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Why Key Word Searches May Not Identify the Best Job Candidate

key words imageAs project leads and managers, we have all experienced a staffing vacancy on a project due to staff changes or project expansion. To fill our void, we post job descriptions on career pages and numerous “Job Boards” in an effort to reach a wide swath of people and generate a large pool of resumes to review.

That success can lead to another challenge – such a high volume of resumes that we cannot review each one individually. We may be inclined to use timesaving word recognition software that scans resumes for key words. While we have the best of intentions to seek the ideal candidate using this technology, we are also restricting our candidate pool by not “looking outside of the box”.

The Government Accountability Office (GAO) reports the Federal workforce is growing, and increasingly in need of employees with advanced skills or degrees. The private sector equally needs specific skills to support government demands.  So how can managers cast the widest net in the most efficient manner?

It is essential to have a strong recruiter or hiring manager who can get past the concept of searching on just key words. A good recruiter who looks at the details of the resumes can be a great resource for the hiring manager. They can present candidates who have the skill set required for the position, and not just the key words we focus on with our searches.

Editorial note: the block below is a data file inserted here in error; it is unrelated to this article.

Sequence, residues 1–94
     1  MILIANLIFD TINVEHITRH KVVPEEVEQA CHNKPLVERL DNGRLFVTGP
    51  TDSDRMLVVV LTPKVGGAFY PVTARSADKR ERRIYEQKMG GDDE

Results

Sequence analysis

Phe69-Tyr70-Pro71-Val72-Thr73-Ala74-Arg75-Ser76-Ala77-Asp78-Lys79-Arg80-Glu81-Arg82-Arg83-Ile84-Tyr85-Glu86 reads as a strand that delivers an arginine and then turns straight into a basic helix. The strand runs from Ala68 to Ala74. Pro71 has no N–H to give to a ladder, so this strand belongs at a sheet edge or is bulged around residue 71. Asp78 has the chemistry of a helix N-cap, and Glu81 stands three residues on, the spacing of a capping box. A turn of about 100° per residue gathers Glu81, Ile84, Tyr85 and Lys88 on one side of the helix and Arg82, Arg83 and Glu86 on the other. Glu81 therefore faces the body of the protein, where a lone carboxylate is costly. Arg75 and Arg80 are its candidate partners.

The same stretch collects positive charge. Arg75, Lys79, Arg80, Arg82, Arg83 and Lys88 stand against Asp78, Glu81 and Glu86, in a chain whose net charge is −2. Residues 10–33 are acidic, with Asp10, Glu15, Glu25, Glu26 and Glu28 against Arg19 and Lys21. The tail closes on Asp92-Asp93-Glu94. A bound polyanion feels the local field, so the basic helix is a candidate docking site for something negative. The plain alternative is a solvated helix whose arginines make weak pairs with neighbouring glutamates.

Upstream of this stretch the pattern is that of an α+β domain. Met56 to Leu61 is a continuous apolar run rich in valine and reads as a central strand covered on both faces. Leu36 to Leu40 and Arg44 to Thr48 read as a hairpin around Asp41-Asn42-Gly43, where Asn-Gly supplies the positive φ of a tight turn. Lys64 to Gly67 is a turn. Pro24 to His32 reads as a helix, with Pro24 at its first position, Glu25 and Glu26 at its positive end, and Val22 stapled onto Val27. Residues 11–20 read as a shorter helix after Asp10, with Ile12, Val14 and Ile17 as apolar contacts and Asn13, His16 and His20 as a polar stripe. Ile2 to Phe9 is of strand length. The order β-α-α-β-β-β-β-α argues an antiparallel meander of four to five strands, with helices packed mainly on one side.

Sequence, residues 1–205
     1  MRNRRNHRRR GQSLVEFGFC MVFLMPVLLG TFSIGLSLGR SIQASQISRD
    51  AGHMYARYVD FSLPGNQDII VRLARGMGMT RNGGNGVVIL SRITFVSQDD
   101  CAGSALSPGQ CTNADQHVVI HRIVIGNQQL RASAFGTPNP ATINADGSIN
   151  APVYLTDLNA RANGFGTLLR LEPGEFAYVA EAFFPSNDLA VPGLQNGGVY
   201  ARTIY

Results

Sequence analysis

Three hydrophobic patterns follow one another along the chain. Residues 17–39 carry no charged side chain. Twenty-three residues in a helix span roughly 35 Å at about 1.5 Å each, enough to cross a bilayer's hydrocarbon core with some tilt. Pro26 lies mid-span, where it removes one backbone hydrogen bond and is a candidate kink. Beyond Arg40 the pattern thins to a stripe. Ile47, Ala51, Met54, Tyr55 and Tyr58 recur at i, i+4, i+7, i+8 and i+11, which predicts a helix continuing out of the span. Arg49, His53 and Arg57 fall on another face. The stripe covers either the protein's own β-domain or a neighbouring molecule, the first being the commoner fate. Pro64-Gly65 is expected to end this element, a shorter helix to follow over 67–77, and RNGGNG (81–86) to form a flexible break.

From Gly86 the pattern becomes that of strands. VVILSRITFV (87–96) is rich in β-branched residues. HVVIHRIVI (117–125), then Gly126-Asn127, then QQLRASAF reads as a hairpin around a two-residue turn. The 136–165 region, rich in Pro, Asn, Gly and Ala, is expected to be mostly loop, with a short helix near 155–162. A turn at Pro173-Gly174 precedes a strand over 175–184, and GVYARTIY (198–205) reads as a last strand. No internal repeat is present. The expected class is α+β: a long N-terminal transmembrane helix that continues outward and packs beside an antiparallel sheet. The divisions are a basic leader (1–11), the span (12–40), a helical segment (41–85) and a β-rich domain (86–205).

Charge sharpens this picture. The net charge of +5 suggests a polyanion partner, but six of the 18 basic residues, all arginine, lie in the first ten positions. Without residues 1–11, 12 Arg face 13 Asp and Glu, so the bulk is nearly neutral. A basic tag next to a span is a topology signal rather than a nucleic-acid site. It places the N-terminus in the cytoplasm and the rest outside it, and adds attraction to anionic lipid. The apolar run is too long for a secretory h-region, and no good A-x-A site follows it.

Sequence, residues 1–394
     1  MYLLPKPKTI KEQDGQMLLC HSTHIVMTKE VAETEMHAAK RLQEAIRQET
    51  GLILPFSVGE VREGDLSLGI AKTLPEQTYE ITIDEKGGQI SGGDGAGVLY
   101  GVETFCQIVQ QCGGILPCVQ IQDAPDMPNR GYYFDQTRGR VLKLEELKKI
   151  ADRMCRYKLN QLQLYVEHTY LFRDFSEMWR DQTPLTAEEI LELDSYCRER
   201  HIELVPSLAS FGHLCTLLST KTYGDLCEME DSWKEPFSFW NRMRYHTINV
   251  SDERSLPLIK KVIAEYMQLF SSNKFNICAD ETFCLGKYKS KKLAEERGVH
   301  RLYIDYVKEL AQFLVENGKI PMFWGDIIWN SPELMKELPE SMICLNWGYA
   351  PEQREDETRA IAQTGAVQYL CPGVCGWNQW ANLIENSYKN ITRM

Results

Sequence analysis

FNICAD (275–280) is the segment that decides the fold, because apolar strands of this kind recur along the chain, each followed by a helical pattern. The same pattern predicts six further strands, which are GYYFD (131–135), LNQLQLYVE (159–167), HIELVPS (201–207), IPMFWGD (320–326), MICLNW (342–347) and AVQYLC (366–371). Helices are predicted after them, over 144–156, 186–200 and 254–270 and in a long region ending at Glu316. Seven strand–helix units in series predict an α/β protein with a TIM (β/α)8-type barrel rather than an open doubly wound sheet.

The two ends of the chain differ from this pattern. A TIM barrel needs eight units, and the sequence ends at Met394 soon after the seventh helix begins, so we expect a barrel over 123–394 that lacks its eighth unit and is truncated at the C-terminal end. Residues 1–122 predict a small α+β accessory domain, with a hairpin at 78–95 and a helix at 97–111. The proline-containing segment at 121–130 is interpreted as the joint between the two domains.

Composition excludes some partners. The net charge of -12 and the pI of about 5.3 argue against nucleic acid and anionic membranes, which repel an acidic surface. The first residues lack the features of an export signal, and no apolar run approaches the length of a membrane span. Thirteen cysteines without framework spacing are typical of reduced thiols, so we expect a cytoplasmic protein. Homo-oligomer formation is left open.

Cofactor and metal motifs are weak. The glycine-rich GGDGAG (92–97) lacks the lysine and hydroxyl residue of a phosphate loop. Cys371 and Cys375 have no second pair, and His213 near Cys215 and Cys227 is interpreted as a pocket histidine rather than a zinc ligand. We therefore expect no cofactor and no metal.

Take the field of government acquisition, for example; We may have an urgent need for an acquisition professional so we create a job description that we believe is critical to find the ideal candidate. We use “key words” such as Independent Government Cost Estimate, Acquisition Strategies, Statement of Work, Market Research, Contract Management, Performance Work Statements, Quarterly Program Management Review and others. It is essential when searching for the ideal candidate that we do not base the vast majority of our search just on key words. We can perform an initial scan to provide a cursory review of the resumes, but the greatest benefit will come from a more detailed review.

Why it’s Worth the Time

I speak from personal experience as both a program manager and a professional who has successfully transitioned skills from one sector to another.  As a former Material’s Manager for several major production companies,  I was responsible for purchasing raw material in excess of $100MM annually, establishing quality and performance standards, managing contract and vendor performance, and more. Wanting to enter the consulting field, I applied to 50-plus companies but had very little response to my resume. Nearly a year later a recruiter pointed out the obvious – I was using the wrong words. After converting my wording to government terminology, I was in high demand as an acquisition professional. While my experience showed the power of key words, it also taught me a valuable lesson as a program manager who hires people. There are hidden gems in the workforce who can be found by digging deeper than key words.